Activist company

Australia’s biggest energy company sees huge upheaval at the top

Australiathe biggest carbon emitter AGL on Monday abruptly announced the departure of its chairman, CEO and a series of board members, while abandoning a long-standing decision to spin off its lucrative coal business.

In a statement to investors, the company said Pierre Botten resign as president and Graeme Hunt would step down as CEO when a replacement is found.

The operations of AGL, Australia’s largest energy company, have come under intense scrutiny since billionaire environmental activist Mike Cannon-Brookes tried to buy the company for around $6 billion.

AGL rejected the offer in March, saying the offer was “far below the fair value of the business”.

Cannon-Brookes, a 42-year-old tech mogul, has launched his bold bid to acquire the company to shut down its heavily polluting coal-fired power plants and reorient the grid to focus on renewables.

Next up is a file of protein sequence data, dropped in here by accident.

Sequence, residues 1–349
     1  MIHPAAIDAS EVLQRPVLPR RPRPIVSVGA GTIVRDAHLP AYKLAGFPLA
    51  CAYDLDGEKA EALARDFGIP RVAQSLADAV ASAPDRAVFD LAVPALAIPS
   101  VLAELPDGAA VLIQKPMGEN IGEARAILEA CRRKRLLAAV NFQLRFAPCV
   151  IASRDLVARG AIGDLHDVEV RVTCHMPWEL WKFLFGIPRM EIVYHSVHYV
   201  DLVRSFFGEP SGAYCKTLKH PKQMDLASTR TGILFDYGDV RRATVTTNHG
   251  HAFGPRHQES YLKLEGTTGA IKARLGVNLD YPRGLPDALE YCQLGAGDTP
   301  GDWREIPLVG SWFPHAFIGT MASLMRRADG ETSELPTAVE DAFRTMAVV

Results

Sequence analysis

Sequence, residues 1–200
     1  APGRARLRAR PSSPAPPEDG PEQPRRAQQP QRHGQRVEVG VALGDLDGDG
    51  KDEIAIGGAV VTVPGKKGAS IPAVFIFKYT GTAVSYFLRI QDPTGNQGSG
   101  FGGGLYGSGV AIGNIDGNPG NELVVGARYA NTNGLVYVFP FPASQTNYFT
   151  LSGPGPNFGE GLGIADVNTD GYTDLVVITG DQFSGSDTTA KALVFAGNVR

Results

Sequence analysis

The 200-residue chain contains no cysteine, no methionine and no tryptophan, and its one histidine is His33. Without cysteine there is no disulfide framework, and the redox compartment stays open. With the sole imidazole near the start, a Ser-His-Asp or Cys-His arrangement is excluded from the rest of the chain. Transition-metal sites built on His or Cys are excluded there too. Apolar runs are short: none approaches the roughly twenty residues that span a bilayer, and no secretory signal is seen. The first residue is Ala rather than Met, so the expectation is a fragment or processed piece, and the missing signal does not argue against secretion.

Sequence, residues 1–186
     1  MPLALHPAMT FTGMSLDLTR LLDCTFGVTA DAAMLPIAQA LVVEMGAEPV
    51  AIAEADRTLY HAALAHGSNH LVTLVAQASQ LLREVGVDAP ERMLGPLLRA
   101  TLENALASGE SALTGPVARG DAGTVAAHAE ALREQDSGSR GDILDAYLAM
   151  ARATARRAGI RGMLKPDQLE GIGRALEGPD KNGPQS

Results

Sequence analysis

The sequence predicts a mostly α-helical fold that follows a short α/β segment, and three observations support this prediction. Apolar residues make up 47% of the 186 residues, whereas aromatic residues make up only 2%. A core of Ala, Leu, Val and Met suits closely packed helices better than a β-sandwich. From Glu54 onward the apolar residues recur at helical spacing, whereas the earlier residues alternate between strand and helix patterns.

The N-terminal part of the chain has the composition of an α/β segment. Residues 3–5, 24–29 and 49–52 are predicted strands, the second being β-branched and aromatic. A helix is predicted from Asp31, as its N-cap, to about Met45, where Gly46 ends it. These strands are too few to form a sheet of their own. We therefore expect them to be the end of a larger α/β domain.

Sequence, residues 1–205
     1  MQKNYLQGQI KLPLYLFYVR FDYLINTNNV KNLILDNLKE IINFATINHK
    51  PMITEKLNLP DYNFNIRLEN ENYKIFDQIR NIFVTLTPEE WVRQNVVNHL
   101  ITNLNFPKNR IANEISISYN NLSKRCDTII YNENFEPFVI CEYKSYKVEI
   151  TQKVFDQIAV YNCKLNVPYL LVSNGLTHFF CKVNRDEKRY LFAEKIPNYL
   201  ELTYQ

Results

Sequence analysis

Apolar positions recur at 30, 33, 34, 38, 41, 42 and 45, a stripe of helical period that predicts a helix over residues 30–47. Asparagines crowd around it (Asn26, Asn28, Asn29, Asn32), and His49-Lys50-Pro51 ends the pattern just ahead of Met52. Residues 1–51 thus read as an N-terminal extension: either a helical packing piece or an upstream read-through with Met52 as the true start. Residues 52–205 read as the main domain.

He had opposed a “split off” of AGL’s coal and retail businesses, saying that if it was allowed to be spun off its takeover would no longer make sense.

Australia is one of the world’s largest producers of coal and gas and, during a decade of conservative rule, has supported the construction of new fossil fuel projects.

But Australians – hit by a series of intense droughts, floods and bushfires – overwhelmingly support more action to tackle climate change and recently voted in a centre-left government to do just that.

Cannon-Brookes described the news as a “great day for Australia” and said there was a “better and greener way ahead”.

It was also welcomed by environmental group Greenpeace, which said AGL’s outgoing leadership had “failed to understand the changing political landscape towards climate action”.

Director of the Institute of Energy at Monash University Ariel Liebmann said preserving the entire company could help Australia move away from fossil fuels.

“Abandoning the split is a great outcome not only for AGL shareholders, as it will preserve shareholder value, but also for energy consumers and Australia’s transition to renewables,” said he declared.

A split company would have had less leverage to raise funds for renewable projects and more incentives to retain coal and gas generators.

“AGL Energy, in its current state, can manage an accelerated withdrawal of its coal and gas fleet in a much more orderly fashion,” he added.